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Plate washers on a baseplate
3

Plate washers on a baseplate

Plate washers on a baseplate

(OP)
I had a question regarding the installation process for a baseplate that is designed to transfer Shear Loads. From what I understand to engage all anchor bolts to transfer shear at the same time, we use plate washers. Are the plate washers welded on the baseplate first and then the anchor rods which are out of plumb forces through them ? Or do they install the baseplate , force the anchors through the holes and then put plate washers and weld them in place ?

RE: Plate washers on a baseplate

If the loads are small and can be transferred through the anchor rods... plate washers with holes to match the anchor rod can be used and they are fillet welded to the base plate after installation... else, I use a shear lug.

Rather than think climate change and the corona virus as science, think of it as the wrath of God. Feel any better?

-Dik

RE: Plate washers on a baseplate


In order to mobilize all anchor rods to resist shear another option is, filling the annular space with epoxy mortar to get a neat apparence ..

The following excerpt from Seismic Design of Industrial Facilities Proceedings of the International
Conference on Seismic Design SeDIF-Conference)..



RE: Plate washers on a baseplate

baseplate would likely have oversized holes to allow for tolerance of the bolt placement in the field. then the washers with standard holes would welded to the baseplate so that you engage all the bolts in shear

RE: Plate washers on a baseplate

I've also designed base plates with a 50% maximum shear capacity on the anchor bolts, knowing that only 2 out of 4 anchor bolts can effectively engage the base plate when oversized holes are used without a plate washer.

RE: Plate washers on a baseplate

I have seen that detail to fill the annular space with mortar, but have not seen it often. It seems to me that the stress concentration would have the potential to crush the mortar. That said, it is FAR more economical than field welding washers to the base plate and the rods don't have to cantilever through the base plate thickness. I like it.

One, does AISC address or condone this, and, two, what spec do you use for the mortar? The highest strength epoxy grout you can get your hands on?

RE: Plate washers on a baseplate

i have found getting any real shear loads through anchor bolts to be pretty hard due to the bending effects on the bolt. Once the thickness of the base plate and grouting pad is accounted for the bending stresses can get up there quickly if the bolts are designed to cantilever up. If cantilevering the location of fixity in the base needs to be accounted for as it is not at the concrete surface but within the concrete.

placing a nut under the plate so the bolt can be analysed as fixed at the baseplate help greatly, but only if there is enough space for the bolt in the grout zone. This also increased the lever arm

as a rule of thumb, whenever the baseplate shear exceeds about 25% of the bolt shear capacity, i find having to use a shear key to be the answer.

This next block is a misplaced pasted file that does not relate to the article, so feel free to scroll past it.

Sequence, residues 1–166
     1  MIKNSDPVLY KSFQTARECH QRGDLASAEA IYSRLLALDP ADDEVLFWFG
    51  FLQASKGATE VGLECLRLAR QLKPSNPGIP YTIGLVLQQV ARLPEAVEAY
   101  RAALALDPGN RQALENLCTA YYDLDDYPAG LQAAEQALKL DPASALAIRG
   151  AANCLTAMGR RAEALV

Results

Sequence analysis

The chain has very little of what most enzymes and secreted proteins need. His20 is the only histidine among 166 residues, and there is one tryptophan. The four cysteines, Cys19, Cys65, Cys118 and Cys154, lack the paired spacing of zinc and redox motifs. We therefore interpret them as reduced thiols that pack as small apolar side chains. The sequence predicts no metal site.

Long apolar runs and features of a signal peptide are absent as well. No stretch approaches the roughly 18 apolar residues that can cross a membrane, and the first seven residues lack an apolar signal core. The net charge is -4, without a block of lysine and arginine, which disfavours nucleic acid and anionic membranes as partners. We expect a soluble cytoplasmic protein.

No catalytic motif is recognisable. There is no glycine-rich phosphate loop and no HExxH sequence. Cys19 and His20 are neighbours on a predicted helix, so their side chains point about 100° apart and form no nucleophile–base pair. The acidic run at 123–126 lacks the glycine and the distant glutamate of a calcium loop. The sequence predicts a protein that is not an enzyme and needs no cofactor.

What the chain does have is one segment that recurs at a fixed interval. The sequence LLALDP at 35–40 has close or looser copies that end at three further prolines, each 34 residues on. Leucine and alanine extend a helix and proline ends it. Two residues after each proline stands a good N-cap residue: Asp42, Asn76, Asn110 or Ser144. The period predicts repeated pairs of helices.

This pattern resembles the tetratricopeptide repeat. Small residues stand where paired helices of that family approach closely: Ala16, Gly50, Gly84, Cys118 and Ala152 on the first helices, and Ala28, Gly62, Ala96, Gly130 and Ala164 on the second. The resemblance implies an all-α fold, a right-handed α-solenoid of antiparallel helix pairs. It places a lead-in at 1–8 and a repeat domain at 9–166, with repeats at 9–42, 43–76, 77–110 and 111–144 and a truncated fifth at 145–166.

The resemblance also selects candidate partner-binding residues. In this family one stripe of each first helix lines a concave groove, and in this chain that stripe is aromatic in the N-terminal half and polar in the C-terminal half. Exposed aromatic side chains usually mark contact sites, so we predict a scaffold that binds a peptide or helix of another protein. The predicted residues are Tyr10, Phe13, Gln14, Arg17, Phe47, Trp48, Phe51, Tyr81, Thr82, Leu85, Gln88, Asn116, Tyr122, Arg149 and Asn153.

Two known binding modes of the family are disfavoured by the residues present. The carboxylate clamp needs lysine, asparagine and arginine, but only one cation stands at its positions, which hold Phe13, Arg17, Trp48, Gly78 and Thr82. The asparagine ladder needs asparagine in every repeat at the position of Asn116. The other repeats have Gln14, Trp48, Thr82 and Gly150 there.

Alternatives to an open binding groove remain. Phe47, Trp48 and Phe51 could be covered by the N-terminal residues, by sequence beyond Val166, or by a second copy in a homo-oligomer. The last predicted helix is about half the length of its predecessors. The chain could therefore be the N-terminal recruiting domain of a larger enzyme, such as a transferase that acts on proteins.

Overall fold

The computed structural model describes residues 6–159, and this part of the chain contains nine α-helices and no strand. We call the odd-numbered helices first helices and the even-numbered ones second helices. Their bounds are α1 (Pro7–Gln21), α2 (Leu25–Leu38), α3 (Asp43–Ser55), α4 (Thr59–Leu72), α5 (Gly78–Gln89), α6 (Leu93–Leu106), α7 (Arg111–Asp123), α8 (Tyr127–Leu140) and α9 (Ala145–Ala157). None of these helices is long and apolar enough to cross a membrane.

RE: Plate washers on a baseplate

Quote (JLNJ
....It seems to me that the stress concentration would have the potential to crush the mortar. That said, it is FAR more economical than field welding washers to the base plate and the rods don't have to cantilever through the base plate thickness. I like it.)


When the grout is confined ,the compressive str. of the grout increases 5 times and EC allows the use of a factor 3.33 .



Quote (One, does AISC address or condone this, and, two, what spec do you use for the mortar? The highest strength epoxy grout you can get your hands on?)


- I have no idea for AISC address or condone this but , EC allows and has certificate..
- The proposed mortar has Compressive strength (tcure = 28d) 110 N/mm2 EN ISO 604 / HN569..The leaflet of the proposed adhesive is attached..


The OP did not mention the origin of shear load and size of the anchor rods..
You can imagine that , under shear loading, if the force exceeds the static friction between the concrete and the base plate, the base plate will slip by an amount equal to the annular gap then the forces will be transferred to anchor rods and amplified due to a hammer effect. Filling the annular space will certainly increase the total resistance and improve the anchor rod behavior ( no cantilever effect )..

My browser does not support ASK HILTI COM. But you may ask to local representative or ask.hilti.com

IMO, if the shear force for Seismic loading, i would prefer annular gap and not weld the washer or fill the gap to mobilize the shear resistance of all anchors.. But this is my personnel opinion..
I think this subject is worth to dig more and would like to hear the opinions of other engineers having seismic design experience .

RE: Plate washers on a baseplate

OK-I have a job where I have a lot of shear on the base plates.
What kind of threshold for AB taking the shear vs shear lugs required would you expect?
I typically deal with single family residential loads and details. This one is on a large steel pedestal (30 feet in the air) so... loading and steel details are a bit outside what I normally deal with. I'd really appreciate any examples someone would be willing to share.
WHAT DOES A SHEAR LUG DETAIL LOOK LIKE AND HOW DO I SPECIFY THE INSTALLATION/PROCEDURE?
Thanks,
Steve

RE: Plate washers on a baseplate

Quote (HTURKAK)

In order to mobilize all anchor rods to resist shear another option is, filling the annular space with epoxy mortar to get a neat apparence ..

Filling it with hard grout/epoxy seems the right answer.

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